Web Exclusives: On the Campus

March 8, 2006:

Student curators; a Fleming sampler

By Elyse Graham ’07

ON THE THIRD FLOOR of Firestone Library stands a vault of bookcases, fenced by chain metal links, that Elizabeth Linder ’07 calls her workplace. Inside, books glare from the shelves in red and blue, or in anthologies in brown variegated bands resembling tree bark. One shelf displays a protruding slip of paper marking Curiosa Filosofia, a recently withdrawn book.

The light is heavy and yellow. The books seem to breathe, an illusion enhanced by the pervasive scent of old paper and cloth, a faint dry musk.

Linder has worked in Firestone’s Rare Books department since freshman year, cataloguing new acquisitions and preparing aids to find volumes so rare that they are fenced off for protection. Over a quarter-million bound volumes, and tens of millions of other items, reside in Rare Books and Special Collections. Readers come to read rare texts, to dig up obscure archives, and to make contact firsthand with the past. “There’s something inspiring about seeing that first volume of a book,” Linder said. “It gives you a sense of time and place, a window into the time frame itself.”

More than 30 students work in Rare Books and Special Collections, roaming behind the shelves to guide the flow of manuscripts between archives and scholars. They work in storage rooms, in cubicles under fluorescent lights, in seminar rooms trimmed with stained oak.

Linder’s favorite workplace is a lower-floor vault, kept chilly to protect fragile holdings. “I have to take a jacket,” she said, but the reward is handling “shelves upon shelves” of extraordinary volumes. With hair pulled back, she works in black pants and shoes. “You do see the dust flying in the air,” she said. Every floor of Firestone harbors such vaults, all secured, fire-resistant, and temperature-controlled.

Like private book collectors, student curators develop individual ways of relating to their material. Linder sees herself as a caretaker of others’ personal cultures. “It tells you what that person valued,” she said, of books preserved from authors’ libraries. “I read books by L. Frank Baum and see phrases and ideas that have come into my own vocabulary.”

Down three floors, in the Rare Books reading room (also known as the Dulles reading room), a group of tall windows casts low, clear sunlight onto a cluster of oak tables. Students read with heads down and shoulders rounded, the walls about them ringed with shelves displaying a chaste rainbow of reference books. A reader opens Curiosa on a foam cradle, and a new world outspreads.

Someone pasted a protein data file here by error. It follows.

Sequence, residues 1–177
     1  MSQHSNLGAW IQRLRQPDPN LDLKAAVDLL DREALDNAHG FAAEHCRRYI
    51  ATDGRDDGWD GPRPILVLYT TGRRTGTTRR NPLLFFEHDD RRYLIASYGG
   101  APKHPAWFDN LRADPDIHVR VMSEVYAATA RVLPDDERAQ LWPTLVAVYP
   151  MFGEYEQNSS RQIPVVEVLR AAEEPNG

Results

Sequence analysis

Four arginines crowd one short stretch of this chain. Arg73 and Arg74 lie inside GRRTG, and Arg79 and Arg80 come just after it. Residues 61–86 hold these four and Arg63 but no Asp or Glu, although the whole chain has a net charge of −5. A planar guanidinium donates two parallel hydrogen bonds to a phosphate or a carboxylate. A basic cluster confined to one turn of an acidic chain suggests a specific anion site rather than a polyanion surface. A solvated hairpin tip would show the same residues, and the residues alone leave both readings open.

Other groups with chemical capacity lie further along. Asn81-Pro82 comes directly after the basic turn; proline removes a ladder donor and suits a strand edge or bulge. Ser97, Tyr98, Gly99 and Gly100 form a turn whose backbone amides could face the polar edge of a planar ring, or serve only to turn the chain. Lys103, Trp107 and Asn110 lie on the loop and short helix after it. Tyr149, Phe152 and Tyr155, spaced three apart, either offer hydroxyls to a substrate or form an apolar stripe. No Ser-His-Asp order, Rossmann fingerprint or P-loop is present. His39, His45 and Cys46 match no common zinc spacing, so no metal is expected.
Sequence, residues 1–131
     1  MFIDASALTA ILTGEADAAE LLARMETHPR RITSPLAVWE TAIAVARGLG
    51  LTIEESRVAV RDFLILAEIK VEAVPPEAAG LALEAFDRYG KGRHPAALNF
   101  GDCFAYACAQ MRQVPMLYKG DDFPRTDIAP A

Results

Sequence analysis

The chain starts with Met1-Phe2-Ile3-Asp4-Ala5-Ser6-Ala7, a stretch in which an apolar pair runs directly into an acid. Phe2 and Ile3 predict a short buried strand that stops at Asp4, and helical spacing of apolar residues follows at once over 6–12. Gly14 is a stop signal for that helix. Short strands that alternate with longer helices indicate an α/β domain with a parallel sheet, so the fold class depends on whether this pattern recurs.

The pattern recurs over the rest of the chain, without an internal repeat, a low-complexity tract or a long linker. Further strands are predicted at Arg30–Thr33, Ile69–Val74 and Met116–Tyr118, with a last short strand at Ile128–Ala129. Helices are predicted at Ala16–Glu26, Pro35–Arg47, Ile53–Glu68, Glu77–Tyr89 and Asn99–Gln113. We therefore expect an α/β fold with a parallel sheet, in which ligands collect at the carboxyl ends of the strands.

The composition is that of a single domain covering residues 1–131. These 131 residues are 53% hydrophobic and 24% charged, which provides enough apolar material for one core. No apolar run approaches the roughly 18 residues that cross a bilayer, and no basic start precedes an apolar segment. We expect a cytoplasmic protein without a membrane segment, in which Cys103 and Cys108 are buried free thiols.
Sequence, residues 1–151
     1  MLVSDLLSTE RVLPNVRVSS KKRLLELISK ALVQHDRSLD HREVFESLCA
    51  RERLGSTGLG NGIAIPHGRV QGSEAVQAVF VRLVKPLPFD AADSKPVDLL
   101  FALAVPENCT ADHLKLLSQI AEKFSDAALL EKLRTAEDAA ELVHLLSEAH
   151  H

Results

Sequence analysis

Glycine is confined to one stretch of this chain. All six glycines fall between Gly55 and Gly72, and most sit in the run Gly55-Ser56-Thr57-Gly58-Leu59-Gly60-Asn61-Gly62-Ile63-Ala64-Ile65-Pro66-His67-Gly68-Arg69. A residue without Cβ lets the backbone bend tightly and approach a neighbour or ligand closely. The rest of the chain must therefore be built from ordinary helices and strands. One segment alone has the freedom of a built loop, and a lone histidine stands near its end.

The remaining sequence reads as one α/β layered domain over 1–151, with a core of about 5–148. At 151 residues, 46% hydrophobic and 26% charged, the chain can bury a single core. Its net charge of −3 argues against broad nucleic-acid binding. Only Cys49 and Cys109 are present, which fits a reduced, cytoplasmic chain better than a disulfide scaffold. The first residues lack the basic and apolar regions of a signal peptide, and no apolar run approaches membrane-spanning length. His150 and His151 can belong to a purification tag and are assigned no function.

Linder said she’s relished such moments from her first day in Rare Books: “It was so intriguing to sit there and realize that any book that I opened would have led to a world of discoveries I couldn’t have imagined.”

DURING HIS 40 YEARS of teaching at Princeton, John V. Fleming *63 has earned a prominent place in the life of the University. His tall figure and gray wool suits are familiar sights at Firestone library, and at lectures his booming voice plays to crowded rooms. Fleming is retiring this year. The winter semester saw him teach his final two courses by covering the twin subjects of his career, classical heritage and medieval tradition. Each week, his students looked forward to the insight and enthusiasm he brought to class. Generous with his scholarship, he also emitted a steady stream of wit. Quips from his final semester, as recorded in student notes, appear here:

– “So, what did you find interesting? Begging the question, perhaps: Say something interesting about Boccaccio’s Genealogy of the Pagan Gods.”

– (Closing the door against talkers outside) “We don’t want these people listening who haven’t paid tuition! They might hear one of our ideas!”

– “Although there’s been a large change in human nature since the 12th century, one thing that’s stayed consistent is that people don’t really want to do celibacy.”

– “I’m going to make a really profound remark, so get ready for it.”

– (To a student) “That’s a primitive response, but it’s in the right direction, absolutely.”

– “Well, the duchess died, and the poet sat down and said, ‘Life, love, and death, frightfully ambiguous, what?’ ”

– “This argument won’t hold water. It won’t even hold the smaller pieces of ice.”

– (Advice for reading Middle English aloud) “Just pretend the Great Vowel Shift never happened. Forget the Great Vowel Shift, ignore the Great Vowel Shift, there was no Great Vowel Shift. It wasn’t so great, anyway.”

– (On book jackets) “You never read, ‘This is another hackneyed retreading of a well-worn theme.’ ”

– “The Middle Ages was a lot like the University of Pennsylvania, broken up into a lot of little duchies, deans fighting against each other. Princeton—that’s like the Holy Roman Empire. They’re just two different regimes.”

– “About five texts will tell you half of what you need to know about the Middle Ages: the Bible; Augustine’s Soliloquies, Confessions, [and] On Christian Doctrine; Boethius; and Gregory’s Dialogues. Unfortunately, the other half is about one thousand books.”

Elyse Graham ’07 is an undergraduate fellow at Mathey College.